The Friday evening band concert — Medina’s most charming and most enduring tradition — played to a large crowd gathered on lawn chairs and blankets around the Victorian confection of a gazebo in the center of Public Square Park last night.

1868 Band Concert on the Square

This year marks 151 years since the Medina Community Band has played on the village square on balmy summer nights.  In that first year, 1859, both the village and the Republic were relatively young.  Since then, generations have sat on the same three acre patch of grass, through the Civil War and two world wars, and through various economic and social upheavals. And the band played on.

In the early years, the band consisted of 15 men playing cornets.  This year, the Medina Community Band consists of 81 musicians.  Mostly amateurs, the group  includes retired teachers, postal workers, dentists, physicians and several students. They now play a much wider variety of instruments — flute, clarinet, oboe, sax , tuba and euphonium.

These outdoor concerts performed by the town band are a part of a great musical tradition in America.  Meredith Wilson’s  musical, “The Music Man” illustrates the band’s importance to small town life.  At the turn of the nineteenth century, John Philip Sousa, America’s foremost band director and composer of stirring marches, thrilled audiences in outdoor concerts in Philadelphia. He was a powerful influence in the community band movement throughout his career.

But then, in most places, the tradition ended.  Why? Radio?  Talking pictures? The Victrola? Or perhaps the Great Depression and  the two world wars?

At any rate, in Medina the tradition lives on.  Led by the splendidly flamboyant Band Director, Marcus Neiman, (in his 38th year on the job) the concert begins with the entire audience rising to sing the National Anthem, followed by some light classical music, including a violin solo (“Polonaise Brilliante, Op. 4) ; the theme from “Dragnet”, a 1950’s era television program; a Sing-a-Long (“On the Mall”); and several marches.  The concert concludes with Sousa’s stirring “The Stars and Stripes Forever.”

In the meantime, another part of the tradition includes an ice cream social.  In the northeast corner of the Square (on a concrete slab where the band concerts were held before the gazebo was erected in 1975), the Seville Presbyterian Church offers ice cream and freshly baked pies.

So, if you’re searching for a vanishing America — that ephemeral place of small towns, cozy communities, Victorian buildings, American flags and church socials– just stop by on any Friday night.  It’s still here and it’s the real thing.

Summer Series Dates:

June 18, 25

July 4, 9, 16, 23, 30.

8:30 P.M.

11 Responses to “Smiles of a Summer Night”

  1. Jess Says:

    Nice entry. I really like the photos of the Square. They are beautiful.

  2. Jude Tassoni Says:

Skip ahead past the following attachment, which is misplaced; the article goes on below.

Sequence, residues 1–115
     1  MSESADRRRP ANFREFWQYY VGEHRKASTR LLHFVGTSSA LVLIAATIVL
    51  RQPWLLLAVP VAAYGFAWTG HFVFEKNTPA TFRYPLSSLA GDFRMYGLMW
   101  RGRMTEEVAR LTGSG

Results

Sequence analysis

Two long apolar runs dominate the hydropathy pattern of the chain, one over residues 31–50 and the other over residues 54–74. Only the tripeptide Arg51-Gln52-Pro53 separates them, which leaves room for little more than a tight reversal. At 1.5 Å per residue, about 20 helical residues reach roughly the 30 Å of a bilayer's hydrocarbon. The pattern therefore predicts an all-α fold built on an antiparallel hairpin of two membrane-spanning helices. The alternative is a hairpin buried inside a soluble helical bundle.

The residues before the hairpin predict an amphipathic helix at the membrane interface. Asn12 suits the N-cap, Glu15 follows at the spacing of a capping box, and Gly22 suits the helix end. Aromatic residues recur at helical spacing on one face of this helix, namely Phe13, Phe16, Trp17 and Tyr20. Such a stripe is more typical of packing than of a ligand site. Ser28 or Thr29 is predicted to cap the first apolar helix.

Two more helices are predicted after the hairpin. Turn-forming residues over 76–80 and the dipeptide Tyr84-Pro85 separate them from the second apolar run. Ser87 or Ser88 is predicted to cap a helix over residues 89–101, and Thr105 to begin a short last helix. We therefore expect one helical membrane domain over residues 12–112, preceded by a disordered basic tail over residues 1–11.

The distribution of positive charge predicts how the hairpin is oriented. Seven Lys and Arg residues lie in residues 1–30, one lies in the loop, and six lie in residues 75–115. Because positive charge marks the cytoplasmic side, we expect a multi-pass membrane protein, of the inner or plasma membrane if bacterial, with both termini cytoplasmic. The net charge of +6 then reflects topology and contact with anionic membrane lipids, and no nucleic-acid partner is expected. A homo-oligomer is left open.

Cheers for this interesting piece. I am keen to see more on this topic in the not too distant future. Cheers again

  3. Hosea Keilholtz Says:

    Hey there! I’m at work browsing your blog from my new apple iphone! Just wanted to say I love reading through your blog and look forward to all your posts! Keep up the great work!

  4. Kennith Strandberg Says:

    Sousa is the a fact king of marches and this album has all with his best works. Sousa’s Greatest Hits & Some That Should Have Been

  5. Duarte Says:

    What a treat! That’s a fine way to surf the web, Jack, with these great marching band tunes pylaing in the back ground. Makes my eyes moist thinking on the finer days America has seen, and, hopefully, prayerfully, will see yet again come November. Thank you for directing our attention to these national treasures.My boys will really appreciate these, too. When they come back in, I’ll bring these to their attention. My oldest son has this little tradition of his going on several years now: on the last night of every month, he goes outside before bedtime and plays Taps on his fife.Speaking of the fife, we just love to watch the Old Guard Fife & Drum Corps. It never gets old. God bless America, land of the free and home of the brave!

  6. Noemea Says:

    Bruce,John Phillip Sousa was an excellent eamxple of American Exceptionalism which we rarely see today. But I am some 60 +- years past my secular college graduation so that is almost forgotten today. But back in college days I did march to Sousa marches while in ROTC. That music almost makes me want to get up and march around the house.. however I am doing well to simply get up!Thanks again for your help,In Jesus Christ eternally, Jack

  7. Franco Says:

    My parents used to go to all the part crcteons. Once, driving home from work, I went by the concert. I stopped the car and looked for them . but I couldn’t find them. Everybody there looked exactly the same: little old man with high pants, white haired ladies with appliqued sweatshirts!(but as I make fun of them, I will admit that I can’t parallel park either!)

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